A new renewable portfolio standard (RPS) under development by China’s National Development and Reform Commission calls for the country to produce at least 35% of its electricity from renewable sources by 2030, a big jump from its previous 20% target for “non-fossil fuels”, according to draft documents viewed by Bloomberg News.
“The standard—which sets minimum consumption levels of electricity produced from renewable sources—is among efforts to ease the world’s most populous nation’s reliance on coal and combat pollution,” Bloomberg reports. “While helping to boost consumption of renewable energy, the policy also seeks to alleviate the government’s subsidy burden by raising revenue through penalties for non-compliance.”
The latest draft “called for non-compliant firms to pay compensation fees to grid companies, which will be used to cover government subsidies for renewable projects.”
The plan boosts 2018 and 2020 targets for non-hydro renewables for the regions of Inner Mongolia, Yunnan, and Xinjiang, with Inner Mongolia’s goal for this year increasing from 13 to 18%.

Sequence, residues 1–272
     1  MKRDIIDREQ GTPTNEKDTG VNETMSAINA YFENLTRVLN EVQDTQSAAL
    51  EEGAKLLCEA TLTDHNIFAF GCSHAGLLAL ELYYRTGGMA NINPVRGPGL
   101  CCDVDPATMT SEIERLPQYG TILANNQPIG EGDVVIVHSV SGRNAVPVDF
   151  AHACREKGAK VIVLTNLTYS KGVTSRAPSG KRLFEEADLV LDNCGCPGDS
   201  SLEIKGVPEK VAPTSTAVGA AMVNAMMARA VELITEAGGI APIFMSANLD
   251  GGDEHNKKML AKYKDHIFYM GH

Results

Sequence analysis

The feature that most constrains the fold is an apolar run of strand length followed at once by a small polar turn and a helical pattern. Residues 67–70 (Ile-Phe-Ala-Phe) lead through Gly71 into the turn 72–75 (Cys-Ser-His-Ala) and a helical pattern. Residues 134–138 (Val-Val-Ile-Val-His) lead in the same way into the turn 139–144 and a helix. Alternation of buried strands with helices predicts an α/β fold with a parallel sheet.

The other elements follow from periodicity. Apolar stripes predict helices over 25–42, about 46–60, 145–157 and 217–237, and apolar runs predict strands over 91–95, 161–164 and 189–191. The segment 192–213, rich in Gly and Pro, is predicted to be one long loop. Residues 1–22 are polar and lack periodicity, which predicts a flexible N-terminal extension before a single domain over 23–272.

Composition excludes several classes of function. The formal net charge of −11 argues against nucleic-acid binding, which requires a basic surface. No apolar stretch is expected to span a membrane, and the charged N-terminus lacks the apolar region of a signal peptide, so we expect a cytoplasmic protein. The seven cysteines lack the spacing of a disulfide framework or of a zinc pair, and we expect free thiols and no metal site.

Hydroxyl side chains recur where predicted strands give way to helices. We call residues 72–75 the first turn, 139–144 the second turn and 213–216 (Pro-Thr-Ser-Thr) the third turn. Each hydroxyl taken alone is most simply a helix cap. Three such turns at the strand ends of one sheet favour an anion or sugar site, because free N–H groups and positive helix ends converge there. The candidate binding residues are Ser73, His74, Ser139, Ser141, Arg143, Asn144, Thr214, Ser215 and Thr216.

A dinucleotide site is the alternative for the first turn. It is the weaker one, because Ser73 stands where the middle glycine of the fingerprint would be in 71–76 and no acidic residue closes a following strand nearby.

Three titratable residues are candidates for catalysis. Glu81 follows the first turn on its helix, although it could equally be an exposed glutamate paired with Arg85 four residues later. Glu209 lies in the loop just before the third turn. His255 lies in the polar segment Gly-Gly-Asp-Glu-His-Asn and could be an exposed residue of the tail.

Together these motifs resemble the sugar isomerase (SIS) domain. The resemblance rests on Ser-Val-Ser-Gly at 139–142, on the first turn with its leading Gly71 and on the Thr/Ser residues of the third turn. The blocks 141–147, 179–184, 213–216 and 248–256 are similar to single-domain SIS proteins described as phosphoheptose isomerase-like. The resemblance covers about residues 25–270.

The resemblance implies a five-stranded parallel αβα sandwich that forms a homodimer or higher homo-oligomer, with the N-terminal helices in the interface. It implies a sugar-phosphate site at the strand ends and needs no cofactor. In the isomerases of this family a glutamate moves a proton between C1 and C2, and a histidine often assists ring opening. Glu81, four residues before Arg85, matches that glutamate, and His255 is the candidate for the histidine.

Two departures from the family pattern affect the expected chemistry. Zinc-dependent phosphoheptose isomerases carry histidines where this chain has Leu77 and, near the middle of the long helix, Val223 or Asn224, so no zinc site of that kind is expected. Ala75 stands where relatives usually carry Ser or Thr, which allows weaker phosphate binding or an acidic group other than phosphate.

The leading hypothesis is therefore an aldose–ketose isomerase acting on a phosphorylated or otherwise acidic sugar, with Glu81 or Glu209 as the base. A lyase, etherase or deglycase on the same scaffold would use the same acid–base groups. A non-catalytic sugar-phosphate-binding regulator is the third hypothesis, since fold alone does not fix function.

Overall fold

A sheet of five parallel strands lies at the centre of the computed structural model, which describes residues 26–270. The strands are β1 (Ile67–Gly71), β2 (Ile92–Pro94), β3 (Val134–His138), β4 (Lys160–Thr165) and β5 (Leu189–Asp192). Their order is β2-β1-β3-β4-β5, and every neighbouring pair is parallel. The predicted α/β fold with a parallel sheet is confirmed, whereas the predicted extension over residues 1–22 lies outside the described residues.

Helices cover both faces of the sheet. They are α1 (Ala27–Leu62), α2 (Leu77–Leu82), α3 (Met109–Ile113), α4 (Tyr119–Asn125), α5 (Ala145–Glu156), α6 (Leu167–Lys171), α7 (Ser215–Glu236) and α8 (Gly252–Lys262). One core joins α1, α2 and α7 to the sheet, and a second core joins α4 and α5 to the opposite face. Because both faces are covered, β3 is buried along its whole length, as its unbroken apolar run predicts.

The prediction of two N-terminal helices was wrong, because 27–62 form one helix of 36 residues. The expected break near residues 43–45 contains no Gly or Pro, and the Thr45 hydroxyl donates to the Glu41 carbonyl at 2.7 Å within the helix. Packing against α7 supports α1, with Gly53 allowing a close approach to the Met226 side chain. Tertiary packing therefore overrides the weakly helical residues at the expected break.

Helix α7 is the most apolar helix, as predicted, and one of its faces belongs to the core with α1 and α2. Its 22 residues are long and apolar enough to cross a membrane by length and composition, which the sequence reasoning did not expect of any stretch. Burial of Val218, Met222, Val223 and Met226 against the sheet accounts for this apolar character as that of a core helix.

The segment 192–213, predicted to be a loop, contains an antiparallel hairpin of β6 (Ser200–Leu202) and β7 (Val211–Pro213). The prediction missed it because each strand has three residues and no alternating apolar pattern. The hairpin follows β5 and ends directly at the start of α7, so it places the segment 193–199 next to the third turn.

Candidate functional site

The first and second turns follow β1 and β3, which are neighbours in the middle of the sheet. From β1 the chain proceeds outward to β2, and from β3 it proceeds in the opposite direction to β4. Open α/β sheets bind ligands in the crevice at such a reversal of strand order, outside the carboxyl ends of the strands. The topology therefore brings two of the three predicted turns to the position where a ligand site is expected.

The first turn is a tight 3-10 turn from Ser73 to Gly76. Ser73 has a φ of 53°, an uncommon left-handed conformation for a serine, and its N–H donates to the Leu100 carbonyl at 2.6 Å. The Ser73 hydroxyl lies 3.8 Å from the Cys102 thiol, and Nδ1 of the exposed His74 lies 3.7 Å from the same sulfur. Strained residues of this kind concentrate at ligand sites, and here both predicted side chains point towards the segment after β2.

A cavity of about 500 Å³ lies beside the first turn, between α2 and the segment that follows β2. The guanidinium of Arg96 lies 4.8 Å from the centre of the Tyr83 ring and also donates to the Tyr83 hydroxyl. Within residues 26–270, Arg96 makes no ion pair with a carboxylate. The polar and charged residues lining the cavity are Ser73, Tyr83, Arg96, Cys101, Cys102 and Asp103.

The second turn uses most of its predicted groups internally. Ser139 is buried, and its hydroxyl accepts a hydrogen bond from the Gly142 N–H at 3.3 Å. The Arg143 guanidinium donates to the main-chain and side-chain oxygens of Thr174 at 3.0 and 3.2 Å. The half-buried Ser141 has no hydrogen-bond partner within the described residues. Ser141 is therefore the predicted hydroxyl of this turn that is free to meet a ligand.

“In recent years, China has pumped more money into renewable energy than any other country, leaving the government with a hefty subsidy bill,” Bloomberg notes. Now, the focus on non-compliant firms “leaves us optimistic that the NEA may be mulling other ways to address the subsidy deficit issue,” BOCI Research Ltd. analysts wrote in a note to investors last week. “We see the new RPS consultation paper having more implementation details and is more favourable to operators.”
The news of the draft RPS comes hot on the heels of last week’s report from the non-profit Coalswarm research network, pointing to a wave of new coal plant construction in China. “This new evidence that China’s central government hasn’t been able to stop the runaway coal-fired power plant building is alarming,” Executive Director Ted Nace said at the time. “The planet can’t tolerate another U.S.-sized block of plants to be built.”
China announced in January 2017 that it was cancelling 104 coal plants, with combined capacity of 120 gigawatts. But in July, Greenpeace reported that the country was “wasting” ¥1 trillion on 295 new coal plants it didn’t need, in light of a 200-GW surplus of coal-fired capacity. “Moves to cut central government red tape last year gave local authorities the power to build new plants without having to seek approval from Beijing, leading to a construction surge,” Reuters reported at the time.